President Obama speaks during a press conference. (Michael Reynolds/European Pressphoto Agency) President Obama speaks during a press conference. (Michael Reynolds/European Pressphoto Agency)

James Jeffrey of the Washington Institute for Near East Policy writes today in The Post:

In recent days, news reports of Sunni tribes in Anbar cooperating loosely with the Baghdad government against al-Qaeda, and expedited U.S. military assistance and intelligence, gave reasons for hope. But then came Sunday’s news conference by Secretary of State John Kerry. Although the secretary spoke about the dangers of al-Qaeda gaining ground in Iraq and the countermeasures the United States was taking, he stated no fewer than four times that this fight was not ours but the Iraqis’. This, combined with an immediate denial of a suggestion that no one is even making — that the United States put troops on the ground — undercuts all the good commitments he made.

This is part of a pattern of renouncing American interests and then setting up a straw man to justify inaction. We leave Libya, Syria and Egypt for their people to hash out — it’s none of our business, we are told. It is at least a candid acknowledgement that this administration essentially doesn’t think we have much interest in the Middle East other than in struggling for an unattainable peace agreement between Israel and the Palestinians and coming up with a paper document that excuses us from removing Iran’s illegal nuclear weapons program. It is one thing to say, “Sure we care, but here are the limited things we can do.” But that is not sufficient for the Obama crowd, which is bent on announcing to friends and enemies alike that, or, to borrow a phrase from Samuel Goldwyn, they can include us out.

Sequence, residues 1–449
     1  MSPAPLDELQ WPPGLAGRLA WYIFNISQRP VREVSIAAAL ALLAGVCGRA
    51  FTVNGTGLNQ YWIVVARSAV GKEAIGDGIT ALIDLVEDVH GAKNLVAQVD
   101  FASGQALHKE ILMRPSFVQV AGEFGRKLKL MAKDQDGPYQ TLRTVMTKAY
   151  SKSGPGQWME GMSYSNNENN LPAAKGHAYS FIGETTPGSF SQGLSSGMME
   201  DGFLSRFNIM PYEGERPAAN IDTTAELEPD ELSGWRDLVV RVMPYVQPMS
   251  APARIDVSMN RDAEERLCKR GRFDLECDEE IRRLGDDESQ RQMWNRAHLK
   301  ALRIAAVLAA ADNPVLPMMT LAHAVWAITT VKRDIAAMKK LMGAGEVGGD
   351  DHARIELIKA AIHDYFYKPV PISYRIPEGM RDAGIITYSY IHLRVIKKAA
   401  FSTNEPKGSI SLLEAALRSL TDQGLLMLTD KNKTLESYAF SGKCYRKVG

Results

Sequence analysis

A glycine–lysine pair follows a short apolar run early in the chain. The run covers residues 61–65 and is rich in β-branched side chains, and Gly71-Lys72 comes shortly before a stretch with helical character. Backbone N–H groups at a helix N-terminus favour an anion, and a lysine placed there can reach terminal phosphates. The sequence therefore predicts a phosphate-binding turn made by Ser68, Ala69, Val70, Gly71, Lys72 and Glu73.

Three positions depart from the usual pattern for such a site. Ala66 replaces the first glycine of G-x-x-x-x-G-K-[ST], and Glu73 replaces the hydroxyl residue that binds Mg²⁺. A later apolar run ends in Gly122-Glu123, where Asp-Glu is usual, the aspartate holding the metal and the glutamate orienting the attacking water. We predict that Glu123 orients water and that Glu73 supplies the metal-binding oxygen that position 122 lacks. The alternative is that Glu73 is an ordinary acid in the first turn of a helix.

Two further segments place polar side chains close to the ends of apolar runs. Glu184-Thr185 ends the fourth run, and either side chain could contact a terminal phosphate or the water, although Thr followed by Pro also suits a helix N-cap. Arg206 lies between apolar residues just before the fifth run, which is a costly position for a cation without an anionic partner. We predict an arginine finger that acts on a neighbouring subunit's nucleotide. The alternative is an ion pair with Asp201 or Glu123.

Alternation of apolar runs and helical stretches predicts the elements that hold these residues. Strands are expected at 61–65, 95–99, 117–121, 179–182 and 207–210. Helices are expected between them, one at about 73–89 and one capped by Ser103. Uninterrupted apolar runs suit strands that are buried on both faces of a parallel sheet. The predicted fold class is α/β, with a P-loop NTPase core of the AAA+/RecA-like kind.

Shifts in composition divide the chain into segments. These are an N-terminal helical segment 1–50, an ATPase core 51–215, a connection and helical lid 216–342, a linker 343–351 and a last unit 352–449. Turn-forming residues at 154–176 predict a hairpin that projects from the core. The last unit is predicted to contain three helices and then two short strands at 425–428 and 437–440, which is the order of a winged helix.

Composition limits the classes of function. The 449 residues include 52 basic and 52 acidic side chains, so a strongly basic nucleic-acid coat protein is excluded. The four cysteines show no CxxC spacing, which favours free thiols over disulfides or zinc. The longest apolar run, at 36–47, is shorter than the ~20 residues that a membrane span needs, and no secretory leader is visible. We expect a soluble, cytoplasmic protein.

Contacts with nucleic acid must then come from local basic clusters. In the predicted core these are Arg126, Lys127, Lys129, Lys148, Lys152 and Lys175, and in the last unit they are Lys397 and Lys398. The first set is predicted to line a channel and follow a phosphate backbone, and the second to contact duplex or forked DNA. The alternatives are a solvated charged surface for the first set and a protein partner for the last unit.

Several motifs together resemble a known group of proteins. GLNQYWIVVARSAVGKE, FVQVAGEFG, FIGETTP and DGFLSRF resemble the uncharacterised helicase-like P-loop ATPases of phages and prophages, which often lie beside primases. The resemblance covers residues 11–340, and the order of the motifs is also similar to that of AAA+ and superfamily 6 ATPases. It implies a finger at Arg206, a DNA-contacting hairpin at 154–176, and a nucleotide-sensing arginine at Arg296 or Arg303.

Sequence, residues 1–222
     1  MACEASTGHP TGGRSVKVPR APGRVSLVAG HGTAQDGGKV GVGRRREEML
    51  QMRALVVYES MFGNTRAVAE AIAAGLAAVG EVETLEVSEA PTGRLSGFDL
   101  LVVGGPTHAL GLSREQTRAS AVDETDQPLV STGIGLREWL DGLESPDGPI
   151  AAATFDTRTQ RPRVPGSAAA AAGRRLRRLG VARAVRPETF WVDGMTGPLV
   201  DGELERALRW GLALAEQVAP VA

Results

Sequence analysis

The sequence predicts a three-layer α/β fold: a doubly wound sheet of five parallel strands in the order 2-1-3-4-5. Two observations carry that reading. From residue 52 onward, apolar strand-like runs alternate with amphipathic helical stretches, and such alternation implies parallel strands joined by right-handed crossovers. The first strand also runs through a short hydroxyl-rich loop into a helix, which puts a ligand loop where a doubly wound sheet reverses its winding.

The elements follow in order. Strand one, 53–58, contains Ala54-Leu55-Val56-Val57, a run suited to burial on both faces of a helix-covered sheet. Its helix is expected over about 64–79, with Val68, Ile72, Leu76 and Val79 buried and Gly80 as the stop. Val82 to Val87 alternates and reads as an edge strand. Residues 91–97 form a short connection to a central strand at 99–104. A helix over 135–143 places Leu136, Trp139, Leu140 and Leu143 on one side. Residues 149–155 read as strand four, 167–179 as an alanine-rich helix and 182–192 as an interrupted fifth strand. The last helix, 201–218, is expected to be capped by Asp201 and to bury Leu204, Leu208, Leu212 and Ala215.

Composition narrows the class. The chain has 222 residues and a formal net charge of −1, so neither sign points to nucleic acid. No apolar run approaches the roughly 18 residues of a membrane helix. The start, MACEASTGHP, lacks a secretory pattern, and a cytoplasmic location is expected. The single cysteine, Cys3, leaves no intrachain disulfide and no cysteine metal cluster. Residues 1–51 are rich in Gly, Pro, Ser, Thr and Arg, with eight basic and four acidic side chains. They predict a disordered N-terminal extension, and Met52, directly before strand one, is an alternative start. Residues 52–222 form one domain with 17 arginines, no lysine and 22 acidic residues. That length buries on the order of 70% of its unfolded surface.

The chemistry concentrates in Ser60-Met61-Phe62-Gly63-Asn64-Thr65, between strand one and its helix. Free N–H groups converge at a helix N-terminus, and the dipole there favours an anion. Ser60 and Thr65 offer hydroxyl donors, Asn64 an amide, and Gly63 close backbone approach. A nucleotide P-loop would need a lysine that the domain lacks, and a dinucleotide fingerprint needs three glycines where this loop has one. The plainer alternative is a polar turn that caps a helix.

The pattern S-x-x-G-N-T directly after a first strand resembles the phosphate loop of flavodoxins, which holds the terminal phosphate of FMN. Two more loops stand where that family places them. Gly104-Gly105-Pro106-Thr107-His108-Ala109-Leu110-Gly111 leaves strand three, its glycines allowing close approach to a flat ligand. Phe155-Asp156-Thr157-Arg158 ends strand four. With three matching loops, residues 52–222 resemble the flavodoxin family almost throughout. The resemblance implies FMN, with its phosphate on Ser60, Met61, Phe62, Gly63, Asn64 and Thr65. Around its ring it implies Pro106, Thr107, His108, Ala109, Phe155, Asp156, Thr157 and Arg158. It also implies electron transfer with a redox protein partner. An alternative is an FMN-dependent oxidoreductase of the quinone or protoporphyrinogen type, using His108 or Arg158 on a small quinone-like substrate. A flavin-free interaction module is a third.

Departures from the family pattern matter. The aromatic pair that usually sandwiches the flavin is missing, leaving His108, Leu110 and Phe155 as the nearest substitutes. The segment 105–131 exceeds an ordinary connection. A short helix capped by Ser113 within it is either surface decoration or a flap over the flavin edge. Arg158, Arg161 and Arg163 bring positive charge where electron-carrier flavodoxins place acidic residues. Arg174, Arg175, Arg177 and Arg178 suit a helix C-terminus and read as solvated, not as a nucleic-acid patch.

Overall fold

This is ideology dressed up in a thin veneer of pragmatism. Obama wants to withdraw from the world, so whatever emergencies and conflagrations might demand our attention (e.g. the Green Revolution, the Arab Spring, the bloodbath in Syria and, to a lesser extent, Egypt) must be deemed outside our interests. Then, to make certain no one gets any smart ideas about doing something to advance U.S. interests, out comes the straw man (No one wants boots on the ground in Syria!). Meanwhile, time is lost and events take their course, so when our interests become undeniable (the use of chemical weapons in Syria), we have few, if any, options other than the dreaded boots on the ground.

This is not John Kerry’s doing alone, to be sure. As we know from books by Bob Woodward and former Defense Secretary Bob Gates, Obama is, at best, a “reluctant commander in chief.” Gates also makes clear that this administration’s foreign policy, as we suspected, is the most politicized and tightly controlled from the White House as any he has seen. (Hence Hillary Clinton’s dilemma: She can’t say she had no real authority as a defense against foreign policy blunders or she will have acknowledged she has only frequent-flyer miles to show for her four years in office.)

White House control of foreign policy works when you have a hyper-knowledgeable foreign policy man in the Oval Office (Richard Nixon, George H.W. Bush), one who understands the fundamental challenge of our times (Ronald Reagan, FDR) and/or has excellent advisers who have the president’s ear (all of these). When, however, you have a president who is determined to retreat from the world, is fixated on left-wing nostrums about American power, lacks a firm grasp of historical lessons and is unwilling to focus attention or devote political capital to national security (e.g. his absence on Benghazi, his nonattendance at security briefings) you have a mess — the Obama administration.